Reporter’s Notebook: Which food to try when traveling in the former USSR

In the former Soviet Union, someone’s first stop to try local food should be at a supermarket. There is plenty of products at the stores. So, a tourist can be lost trying to make a choice. In this essay, an individual may find valuable advice on popular Russian, European and Asian food in Kazakhstan and other republics of the former USSR.

Kolbasa – Kazakhstanian supermarkets offer a variety of delicious sausages called kolbasa. About 100 different brands of kolbasa are shown on the shelf at the supermarket in the Karaganda-city, Kazakhstan. The sausages are smoked, half-smoked, salami, bologna, and ham. They taste similar to American products, but differently. A price for kolbasa varies from two to seven U.S. dollars per kilogram. The meat products come from Kazakhstan, Ukraine, Belarus, and Russia. Photo by Tanya Nyborg.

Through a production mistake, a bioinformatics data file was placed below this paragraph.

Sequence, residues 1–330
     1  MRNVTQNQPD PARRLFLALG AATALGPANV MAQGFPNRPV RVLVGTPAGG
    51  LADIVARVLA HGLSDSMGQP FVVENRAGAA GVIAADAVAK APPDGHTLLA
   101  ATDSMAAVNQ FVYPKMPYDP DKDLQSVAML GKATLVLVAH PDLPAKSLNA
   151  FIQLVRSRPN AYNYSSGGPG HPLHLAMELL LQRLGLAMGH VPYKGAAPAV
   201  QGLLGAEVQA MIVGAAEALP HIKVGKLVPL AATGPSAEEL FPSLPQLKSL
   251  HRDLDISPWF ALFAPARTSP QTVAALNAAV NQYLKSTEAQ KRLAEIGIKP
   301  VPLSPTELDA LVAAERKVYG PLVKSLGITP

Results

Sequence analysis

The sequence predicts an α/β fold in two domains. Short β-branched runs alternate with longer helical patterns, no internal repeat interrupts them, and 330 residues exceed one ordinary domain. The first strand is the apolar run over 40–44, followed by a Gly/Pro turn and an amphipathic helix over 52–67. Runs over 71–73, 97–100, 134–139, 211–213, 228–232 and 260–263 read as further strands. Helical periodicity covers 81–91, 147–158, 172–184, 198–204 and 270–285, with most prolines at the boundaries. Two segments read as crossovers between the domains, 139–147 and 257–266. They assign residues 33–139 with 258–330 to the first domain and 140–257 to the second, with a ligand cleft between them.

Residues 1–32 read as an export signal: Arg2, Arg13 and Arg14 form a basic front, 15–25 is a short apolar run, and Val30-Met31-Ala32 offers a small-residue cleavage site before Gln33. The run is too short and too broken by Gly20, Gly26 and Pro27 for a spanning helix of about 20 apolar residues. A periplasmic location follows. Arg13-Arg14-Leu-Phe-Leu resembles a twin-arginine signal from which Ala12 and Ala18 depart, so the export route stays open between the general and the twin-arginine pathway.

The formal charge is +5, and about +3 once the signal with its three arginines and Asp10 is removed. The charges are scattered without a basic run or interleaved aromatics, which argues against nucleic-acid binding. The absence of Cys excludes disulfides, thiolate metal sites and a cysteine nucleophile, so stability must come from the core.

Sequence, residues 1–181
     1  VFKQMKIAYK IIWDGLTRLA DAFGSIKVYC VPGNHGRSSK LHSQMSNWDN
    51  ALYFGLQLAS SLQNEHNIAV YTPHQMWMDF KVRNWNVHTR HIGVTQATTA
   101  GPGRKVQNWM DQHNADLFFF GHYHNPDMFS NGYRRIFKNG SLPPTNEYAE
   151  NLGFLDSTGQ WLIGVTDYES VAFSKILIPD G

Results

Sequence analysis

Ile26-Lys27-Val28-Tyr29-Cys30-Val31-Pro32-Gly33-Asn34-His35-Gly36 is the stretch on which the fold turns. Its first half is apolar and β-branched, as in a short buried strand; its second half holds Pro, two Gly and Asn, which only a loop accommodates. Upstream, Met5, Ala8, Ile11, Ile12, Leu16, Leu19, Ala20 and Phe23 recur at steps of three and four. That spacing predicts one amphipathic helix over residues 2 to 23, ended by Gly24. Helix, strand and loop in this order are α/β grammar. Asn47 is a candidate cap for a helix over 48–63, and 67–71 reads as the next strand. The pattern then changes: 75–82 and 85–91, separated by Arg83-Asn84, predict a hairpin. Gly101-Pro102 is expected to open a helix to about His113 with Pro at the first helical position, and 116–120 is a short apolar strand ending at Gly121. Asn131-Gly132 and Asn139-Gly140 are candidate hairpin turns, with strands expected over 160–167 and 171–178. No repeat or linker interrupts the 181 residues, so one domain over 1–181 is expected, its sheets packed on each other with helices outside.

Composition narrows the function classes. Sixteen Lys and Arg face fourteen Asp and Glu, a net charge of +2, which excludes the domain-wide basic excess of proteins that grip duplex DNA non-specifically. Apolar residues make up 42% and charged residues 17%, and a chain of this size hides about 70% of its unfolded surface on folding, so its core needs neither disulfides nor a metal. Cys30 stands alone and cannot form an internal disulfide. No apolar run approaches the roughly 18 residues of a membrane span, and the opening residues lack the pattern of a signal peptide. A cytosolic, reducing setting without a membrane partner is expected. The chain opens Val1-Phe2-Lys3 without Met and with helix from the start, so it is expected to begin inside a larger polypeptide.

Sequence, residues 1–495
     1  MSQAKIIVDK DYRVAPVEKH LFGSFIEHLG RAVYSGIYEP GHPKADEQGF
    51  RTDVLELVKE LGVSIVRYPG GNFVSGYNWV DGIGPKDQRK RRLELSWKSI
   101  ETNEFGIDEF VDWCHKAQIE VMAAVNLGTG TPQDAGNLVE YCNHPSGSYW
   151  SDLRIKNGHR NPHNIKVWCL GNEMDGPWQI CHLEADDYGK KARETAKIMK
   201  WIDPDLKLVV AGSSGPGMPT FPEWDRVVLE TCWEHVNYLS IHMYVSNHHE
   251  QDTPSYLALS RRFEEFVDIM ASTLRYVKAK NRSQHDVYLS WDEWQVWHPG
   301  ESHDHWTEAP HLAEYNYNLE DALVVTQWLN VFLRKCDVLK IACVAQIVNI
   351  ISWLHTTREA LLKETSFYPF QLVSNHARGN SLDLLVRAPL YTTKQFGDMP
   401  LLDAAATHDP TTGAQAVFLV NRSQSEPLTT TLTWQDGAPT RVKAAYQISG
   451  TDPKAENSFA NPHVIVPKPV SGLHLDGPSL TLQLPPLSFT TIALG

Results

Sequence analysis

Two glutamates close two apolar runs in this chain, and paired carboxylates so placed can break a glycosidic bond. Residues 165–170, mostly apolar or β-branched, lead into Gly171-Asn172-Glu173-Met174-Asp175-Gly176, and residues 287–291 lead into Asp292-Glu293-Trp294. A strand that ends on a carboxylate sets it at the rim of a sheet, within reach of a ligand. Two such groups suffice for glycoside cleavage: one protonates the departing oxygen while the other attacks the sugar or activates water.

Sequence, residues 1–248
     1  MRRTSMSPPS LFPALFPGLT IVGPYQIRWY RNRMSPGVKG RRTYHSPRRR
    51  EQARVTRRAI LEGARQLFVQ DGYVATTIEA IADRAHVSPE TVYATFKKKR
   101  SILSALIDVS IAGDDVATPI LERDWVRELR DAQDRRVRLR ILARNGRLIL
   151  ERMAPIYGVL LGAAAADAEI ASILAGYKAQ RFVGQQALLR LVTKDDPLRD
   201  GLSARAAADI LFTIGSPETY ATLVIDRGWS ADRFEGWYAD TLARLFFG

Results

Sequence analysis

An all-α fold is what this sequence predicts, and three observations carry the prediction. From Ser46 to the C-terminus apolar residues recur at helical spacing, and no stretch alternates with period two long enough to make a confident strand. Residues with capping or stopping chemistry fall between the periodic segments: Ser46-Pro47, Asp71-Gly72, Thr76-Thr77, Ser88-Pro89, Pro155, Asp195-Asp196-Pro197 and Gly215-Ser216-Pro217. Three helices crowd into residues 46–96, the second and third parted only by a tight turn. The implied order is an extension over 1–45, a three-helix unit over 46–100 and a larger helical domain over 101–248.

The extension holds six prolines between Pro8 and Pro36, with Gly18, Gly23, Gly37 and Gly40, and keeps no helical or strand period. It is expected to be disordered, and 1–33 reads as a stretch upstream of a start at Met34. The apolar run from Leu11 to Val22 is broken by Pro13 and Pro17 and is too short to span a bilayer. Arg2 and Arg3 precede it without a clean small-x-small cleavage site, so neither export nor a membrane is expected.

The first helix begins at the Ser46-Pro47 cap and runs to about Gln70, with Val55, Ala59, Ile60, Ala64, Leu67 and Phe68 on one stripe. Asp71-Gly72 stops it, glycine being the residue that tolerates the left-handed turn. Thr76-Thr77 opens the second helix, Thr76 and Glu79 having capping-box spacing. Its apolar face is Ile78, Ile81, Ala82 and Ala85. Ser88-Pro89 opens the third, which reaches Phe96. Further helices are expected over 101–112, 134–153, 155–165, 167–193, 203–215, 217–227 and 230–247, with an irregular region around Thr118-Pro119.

Fish – Russian classic writer, Nikolai Gogol, said, “Which Russian does not like fast riding?” An alternative for the popular saying would be, “Which Russian does not like to eat fish?” Fish is one of the favorite products not only among Russians, but among ot¬¬¬her Europeans, such as Pools, Germans, Swedes, etc. At the Kazakhstanian supermarket, a customer usually has a good choice of fresh, smoked and salted fish, and caviar. Photo by Tanya Nyborg.
Chocolate – A supermarket in Karaganda, Kazakhstan, offers dozens of brands of chocolate sweets and bars. Some of them are packed in beautifully designed boxes. One of the leading producers of chocolate products in Kazakhstan is the factory “Rahat” located in the Almaty-city, a former southern capital of the country. Photo by Tanya Nyborg.
Korean food – Korean food is extremely popular in Kazakhstan and some other parts of the former Soviet Union. Korean salads are usually consisted of meat, fish mixed with vegetables and dressed with oil and soy sauce. Korean food is spicy; red or black peppers are added in good quantity. Some Kazakhstanian supermarkets have delis and sell Korean food to go. On the picture, Korean salads at a supermarket in Karaganda, Kazakhstan, are shown. Photo by Tanya Nyborg.